***Although I did pay for these in suffering, and let me just say fibre is boring, but bl**dy necessary to your diet. Hmm, a while ago my Mum made chocolate bran balls (like cornflake crispies, but with bran and chocolate instead), and also you can hide bran quite successfully in cakes... Another baking side-project methinks.

Thursday, September 21, 2006

Goodbye Hayley

My sister's dog Hayley died last night. She was chasing a cat, and a car hit her hard and fast, and broke her back. I don't know the details of how she got onto the road in the first place, I think she had just come back from her evening walk and was getting out of the car. My sister's husband took her to two vets, they were closed, and on the way to the third one, she died. But before that he brought her home so that my sister could say goodbye.

She was a young dog, less than two years old, a funny cross between a Blue Heeler and a Border Collie. I remember the day my sister first got her and how she looked; all ears and nose and eyes in a little face, absolutely fearless and curious about everything she saw. The photo above was from the first time I met her.

Needless to say, my sister is extremely distraught. If she ate out she always brought back tidbits for Hayley, the living room was full of stuffed toys bought from op shops, she talked about her constantly until my Mum would get exasperated and say "Aiyah! Just have a child already!"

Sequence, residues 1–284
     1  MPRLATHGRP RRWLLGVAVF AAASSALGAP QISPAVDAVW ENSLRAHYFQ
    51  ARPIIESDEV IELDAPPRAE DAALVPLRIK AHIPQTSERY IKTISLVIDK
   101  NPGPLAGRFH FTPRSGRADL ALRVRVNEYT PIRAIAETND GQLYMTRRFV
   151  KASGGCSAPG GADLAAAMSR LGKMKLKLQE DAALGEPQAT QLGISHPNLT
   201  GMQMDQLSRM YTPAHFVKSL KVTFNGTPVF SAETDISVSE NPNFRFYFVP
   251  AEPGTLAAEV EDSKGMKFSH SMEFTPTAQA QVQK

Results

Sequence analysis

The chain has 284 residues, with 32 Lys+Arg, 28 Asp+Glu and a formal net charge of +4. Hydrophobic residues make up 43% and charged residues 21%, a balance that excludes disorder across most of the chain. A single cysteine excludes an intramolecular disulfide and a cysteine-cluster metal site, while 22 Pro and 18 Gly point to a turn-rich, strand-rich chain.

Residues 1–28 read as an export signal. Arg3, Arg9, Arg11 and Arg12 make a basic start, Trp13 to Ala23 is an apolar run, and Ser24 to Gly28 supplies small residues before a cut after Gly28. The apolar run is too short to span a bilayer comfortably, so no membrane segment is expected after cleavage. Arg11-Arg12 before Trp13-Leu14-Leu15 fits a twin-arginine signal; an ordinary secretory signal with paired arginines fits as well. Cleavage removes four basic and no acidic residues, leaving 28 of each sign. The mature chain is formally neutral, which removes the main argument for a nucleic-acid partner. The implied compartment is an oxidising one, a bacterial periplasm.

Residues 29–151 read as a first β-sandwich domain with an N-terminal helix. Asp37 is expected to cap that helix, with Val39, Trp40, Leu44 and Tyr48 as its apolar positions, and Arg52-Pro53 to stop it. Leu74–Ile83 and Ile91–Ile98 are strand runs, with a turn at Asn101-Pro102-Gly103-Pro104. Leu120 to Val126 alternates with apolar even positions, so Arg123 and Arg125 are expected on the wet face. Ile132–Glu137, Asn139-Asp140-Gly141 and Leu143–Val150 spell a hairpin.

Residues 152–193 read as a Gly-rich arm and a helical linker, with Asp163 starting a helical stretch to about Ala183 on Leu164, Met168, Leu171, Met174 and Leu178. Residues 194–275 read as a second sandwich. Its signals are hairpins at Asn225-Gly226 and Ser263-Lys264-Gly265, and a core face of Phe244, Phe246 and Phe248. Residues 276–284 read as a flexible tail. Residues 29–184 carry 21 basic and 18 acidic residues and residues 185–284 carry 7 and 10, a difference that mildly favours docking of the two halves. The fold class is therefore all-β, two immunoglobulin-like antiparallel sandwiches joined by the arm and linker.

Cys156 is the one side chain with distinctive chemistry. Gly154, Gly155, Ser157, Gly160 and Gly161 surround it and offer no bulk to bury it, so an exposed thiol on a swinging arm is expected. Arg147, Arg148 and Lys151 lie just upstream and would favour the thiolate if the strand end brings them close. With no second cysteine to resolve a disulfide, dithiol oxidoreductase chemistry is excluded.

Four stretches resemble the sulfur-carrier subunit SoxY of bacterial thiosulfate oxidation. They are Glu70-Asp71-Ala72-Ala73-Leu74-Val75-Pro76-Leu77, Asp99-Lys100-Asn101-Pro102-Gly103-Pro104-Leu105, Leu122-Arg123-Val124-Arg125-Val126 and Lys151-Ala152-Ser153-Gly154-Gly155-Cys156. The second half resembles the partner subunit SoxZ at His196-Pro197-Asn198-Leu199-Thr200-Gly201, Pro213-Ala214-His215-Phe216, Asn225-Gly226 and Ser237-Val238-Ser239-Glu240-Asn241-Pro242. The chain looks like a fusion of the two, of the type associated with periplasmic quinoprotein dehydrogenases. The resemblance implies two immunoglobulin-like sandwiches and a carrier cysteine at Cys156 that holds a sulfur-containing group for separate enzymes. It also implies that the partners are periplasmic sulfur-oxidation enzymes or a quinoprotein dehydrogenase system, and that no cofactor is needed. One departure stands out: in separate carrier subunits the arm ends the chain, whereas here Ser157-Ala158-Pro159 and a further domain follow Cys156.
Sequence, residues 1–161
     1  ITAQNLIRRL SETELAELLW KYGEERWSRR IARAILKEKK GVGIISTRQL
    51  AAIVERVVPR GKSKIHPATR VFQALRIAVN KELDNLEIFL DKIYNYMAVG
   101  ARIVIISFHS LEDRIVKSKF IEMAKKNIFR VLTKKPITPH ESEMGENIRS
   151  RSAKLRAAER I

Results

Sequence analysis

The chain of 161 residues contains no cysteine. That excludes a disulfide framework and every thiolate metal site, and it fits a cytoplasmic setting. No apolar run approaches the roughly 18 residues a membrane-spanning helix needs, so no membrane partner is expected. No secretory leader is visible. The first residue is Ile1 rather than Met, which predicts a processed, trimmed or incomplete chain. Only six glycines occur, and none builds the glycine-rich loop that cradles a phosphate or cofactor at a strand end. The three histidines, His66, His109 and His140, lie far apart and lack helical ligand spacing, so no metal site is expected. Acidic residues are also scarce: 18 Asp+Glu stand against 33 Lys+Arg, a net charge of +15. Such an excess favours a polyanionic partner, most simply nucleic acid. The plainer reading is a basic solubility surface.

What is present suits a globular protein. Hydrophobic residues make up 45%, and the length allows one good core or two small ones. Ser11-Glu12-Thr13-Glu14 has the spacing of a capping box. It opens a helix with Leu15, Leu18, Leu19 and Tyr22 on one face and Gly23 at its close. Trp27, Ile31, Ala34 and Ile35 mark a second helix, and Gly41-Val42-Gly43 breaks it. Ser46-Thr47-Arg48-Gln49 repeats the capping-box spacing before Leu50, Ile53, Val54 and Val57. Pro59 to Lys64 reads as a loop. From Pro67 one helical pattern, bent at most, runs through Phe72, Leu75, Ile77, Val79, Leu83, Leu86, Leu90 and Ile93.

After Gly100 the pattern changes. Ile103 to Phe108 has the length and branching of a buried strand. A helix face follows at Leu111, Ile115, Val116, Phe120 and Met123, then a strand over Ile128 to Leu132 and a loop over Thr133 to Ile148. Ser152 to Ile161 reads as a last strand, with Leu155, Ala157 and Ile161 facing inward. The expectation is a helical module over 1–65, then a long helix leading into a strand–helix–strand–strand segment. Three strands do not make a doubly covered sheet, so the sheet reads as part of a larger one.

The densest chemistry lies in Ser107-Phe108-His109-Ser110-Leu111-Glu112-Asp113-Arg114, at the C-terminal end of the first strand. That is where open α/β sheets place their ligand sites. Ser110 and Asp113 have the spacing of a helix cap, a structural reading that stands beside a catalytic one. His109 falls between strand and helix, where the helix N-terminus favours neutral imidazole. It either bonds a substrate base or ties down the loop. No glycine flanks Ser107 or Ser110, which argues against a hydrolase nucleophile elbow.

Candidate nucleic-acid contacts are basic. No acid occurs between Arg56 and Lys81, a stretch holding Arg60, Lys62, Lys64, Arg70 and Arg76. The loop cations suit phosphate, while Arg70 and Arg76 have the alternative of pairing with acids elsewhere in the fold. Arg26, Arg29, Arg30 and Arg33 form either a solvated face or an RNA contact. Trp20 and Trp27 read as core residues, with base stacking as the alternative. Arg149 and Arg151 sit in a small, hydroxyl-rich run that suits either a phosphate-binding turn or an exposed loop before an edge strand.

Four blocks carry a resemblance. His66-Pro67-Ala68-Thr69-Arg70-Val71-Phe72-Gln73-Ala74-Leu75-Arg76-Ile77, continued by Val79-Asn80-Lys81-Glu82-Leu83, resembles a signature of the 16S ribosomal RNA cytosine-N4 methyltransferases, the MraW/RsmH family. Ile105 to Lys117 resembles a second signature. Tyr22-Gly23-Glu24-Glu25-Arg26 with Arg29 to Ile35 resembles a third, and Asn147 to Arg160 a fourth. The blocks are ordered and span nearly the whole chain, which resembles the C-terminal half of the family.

I pray that the grief will pass soon.

I know the dog shouldn't have been near the road in the first place, but I also wish that cat's owner had kept it in for the night, as all responsible cat owners should. Cats don't need licenses, so councils don't know how many there are in the area, or how many are desexed. They kill native fauna, even when belled, and they're allowed to roam free at night. It's not right.

This is not a cat hate rant. The cat was simply in the wrong place at the wrong time. I've known many wonderful cats, whose owners do the right thing.

I also realise that there are just as many derelict dog owners and breeders out there too, who let their dogs wander, don't desex or license them, and breed them irresponsibly, creating diseased or crippled strains that render heartache and great expense to their future owners.

Don't get me started on pet shops that keep animals in tiny glass cages so they learn to sleep and eat where they defecate, and turn puppies and kittens into impulse buys by windowshoppers, bought by brainless people who then seem surprised that they'll have to look after their new acquisition for at least 10 years, and be responsible for its poo and food and health during that time.

When you point your finger, three more point back at you.

Update (14/12/2006): I just thought I'd add a little more to this story, about the kindness of strangers. I was on the phone with my sister the day after the accident, she hadn't stopped crying since the day before, and had stayed home from work.

I heard her doorbell rang in the distance, she said, "I'd better go get that," and put the phone down. A few minutes later she called me up with this story.

The lady at the door lived over the road where Hayley had been knocked down. She saw the accident from her balcony, and the next morning, she walked down to where it happened, and looked for Hayley's collar.

She gave the collar to my sister, and said, "I saw the whole thing, and I'm so sorry for your loss." She continued, "I have two dogs myself, and I would hate to lose them," and then gave my sister a big hug.